Sudo Mesh is being as deliberate as possible, because members feel that the choices they make now, and the way they make those choices, could create a new foundation for how people across Oakland connect to the internet and communicate with each other. As the members finish off the pizza and summarize this evening’s discussion so that further conversation can continue online, Sutton voiced her appreciation for the group’s willingness to take the process seriously: “This is, like, the seeds of revolution!”
“It starts in long meetings,” replied Ryan.
Sudo Mesh’s work might start in long meetings, but it’s carried out on Oakland’s rooftops. On a Sunday in mid-August, a group of six volunteers piled into two cars with a bunch of networking equipment and drove down to East Oakland where they met with organizers from Liberating Ourselves Locally (LOL), a hacker space led by queer and trans people of color. Their mission was to install a new mesh node on LOL’s roof, pointed to a homeless encampment across the street known as The Village, giving the residents there free internet access.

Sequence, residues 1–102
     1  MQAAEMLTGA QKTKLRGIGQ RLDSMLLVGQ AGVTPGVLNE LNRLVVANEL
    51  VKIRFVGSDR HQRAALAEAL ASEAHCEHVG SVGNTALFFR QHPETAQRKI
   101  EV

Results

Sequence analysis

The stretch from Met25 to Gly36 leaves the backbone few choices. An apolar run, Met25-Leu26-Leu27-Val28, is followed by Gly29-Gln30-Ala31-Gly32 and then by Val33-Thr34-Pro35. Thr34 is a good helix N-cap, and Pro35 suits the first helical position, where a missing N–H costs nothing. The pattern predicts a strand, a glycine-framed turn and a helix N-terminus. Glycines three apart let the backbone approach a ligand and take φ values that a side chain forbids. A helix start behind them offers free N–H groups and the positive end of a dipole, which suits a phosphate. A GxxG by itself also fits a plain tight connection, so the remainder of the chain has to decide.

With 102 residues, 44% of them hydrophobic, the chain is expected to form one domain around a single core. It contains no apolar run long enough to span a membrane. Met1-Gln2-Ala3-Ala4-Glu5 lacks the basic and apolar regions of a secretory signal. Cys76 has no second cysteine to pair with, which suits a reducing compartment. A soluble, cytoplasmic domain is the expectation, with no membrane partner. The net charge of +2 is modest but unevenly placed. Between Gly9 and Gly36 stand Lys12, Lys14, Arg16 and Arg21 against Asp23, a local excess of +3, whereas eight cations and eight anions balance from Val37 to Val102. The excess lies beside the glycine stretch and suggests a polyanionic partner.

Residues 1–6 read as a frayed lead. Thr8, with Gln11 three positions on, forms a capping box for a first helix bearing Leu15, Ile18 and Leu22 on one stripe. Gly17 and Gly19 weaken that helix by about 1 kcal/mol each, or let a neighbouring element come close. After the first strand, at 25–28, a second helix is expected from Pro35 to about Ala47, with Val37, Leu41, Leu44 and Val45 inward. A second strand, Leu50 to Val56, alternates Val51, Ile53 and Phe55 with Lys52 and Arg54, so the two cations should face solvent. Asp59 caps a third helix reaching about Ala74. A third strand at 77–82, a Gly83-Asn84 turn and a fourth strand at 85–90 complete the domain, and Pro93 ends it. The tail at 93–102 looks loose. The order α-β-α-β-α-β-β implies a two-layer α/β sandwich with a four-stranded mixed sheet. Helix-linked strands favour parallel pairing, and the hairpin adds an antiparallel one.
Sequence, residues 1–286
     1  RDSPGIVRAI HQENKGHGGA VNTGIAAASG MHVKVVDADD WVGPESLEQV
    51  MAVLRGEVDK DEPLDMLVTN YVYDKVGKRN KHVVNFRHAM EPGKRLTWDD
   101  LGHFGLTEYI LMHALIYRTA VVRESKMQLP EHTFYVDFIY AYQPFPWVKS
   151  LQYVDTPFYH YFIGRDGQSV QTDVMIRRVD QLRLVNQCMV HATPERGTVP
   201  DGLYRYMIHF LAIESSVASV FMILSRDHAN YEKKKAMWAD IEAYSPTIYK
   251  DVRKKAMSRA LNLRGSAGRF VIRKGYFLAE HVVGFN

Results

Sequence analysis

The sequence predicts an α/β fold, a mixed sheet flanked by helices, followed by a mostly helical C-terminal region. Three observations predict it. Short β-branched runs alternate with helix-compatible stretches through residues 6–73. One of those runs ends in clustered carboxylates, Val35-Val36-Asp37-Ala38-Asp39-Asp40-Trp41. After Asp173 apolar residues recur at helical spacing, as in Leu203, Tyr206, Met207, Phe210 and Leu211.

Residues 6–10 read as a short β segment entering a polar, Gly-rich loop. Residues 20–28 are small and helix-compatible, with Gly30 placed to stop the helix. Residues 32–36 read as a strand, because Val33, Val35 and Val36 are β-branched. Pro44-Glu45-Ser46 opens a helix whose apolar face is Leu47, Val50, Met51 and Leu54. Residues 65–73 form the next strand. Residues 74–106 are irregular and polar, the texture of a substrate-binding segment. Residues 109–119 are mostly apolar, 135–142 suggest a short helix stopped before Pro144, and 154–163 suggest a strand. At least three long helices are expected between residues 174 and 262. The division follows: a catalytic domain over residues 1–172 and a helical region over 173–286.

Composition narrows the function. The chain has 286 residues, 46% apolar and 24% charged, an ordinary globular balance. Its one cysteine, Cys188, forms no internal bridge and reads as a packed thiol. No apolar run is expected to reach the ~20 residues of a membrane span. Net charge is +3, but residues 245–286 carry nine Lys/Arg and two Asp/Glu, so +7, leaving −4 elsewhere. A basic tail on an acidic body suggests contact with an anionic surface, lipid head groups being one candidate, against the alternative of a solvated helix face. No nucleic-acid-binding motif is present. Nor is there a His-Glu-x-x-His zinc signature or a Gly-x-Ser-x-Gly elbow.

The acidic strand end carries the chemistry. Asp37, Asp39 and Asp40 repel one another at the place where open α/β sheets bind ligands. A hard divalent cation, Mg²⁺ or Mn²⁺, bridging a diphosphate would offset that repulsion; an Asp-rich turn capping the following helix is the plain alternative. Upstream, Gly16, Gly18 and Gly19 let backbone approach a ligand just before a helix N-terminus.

LOL organizers let the Sudo Mesh volunteers onto the roof where they attached a radio transceiver to a pipe and pointed it down across the street. After some troubleshooting, the group eventually concluded that they had done their job and went home. But installing a node is not enough to ensure that someone can actually use it. After spending five hours to get the node working, no one actually went into The Village to show the residents there how to connect to the network. “We were tired,” said Ryan.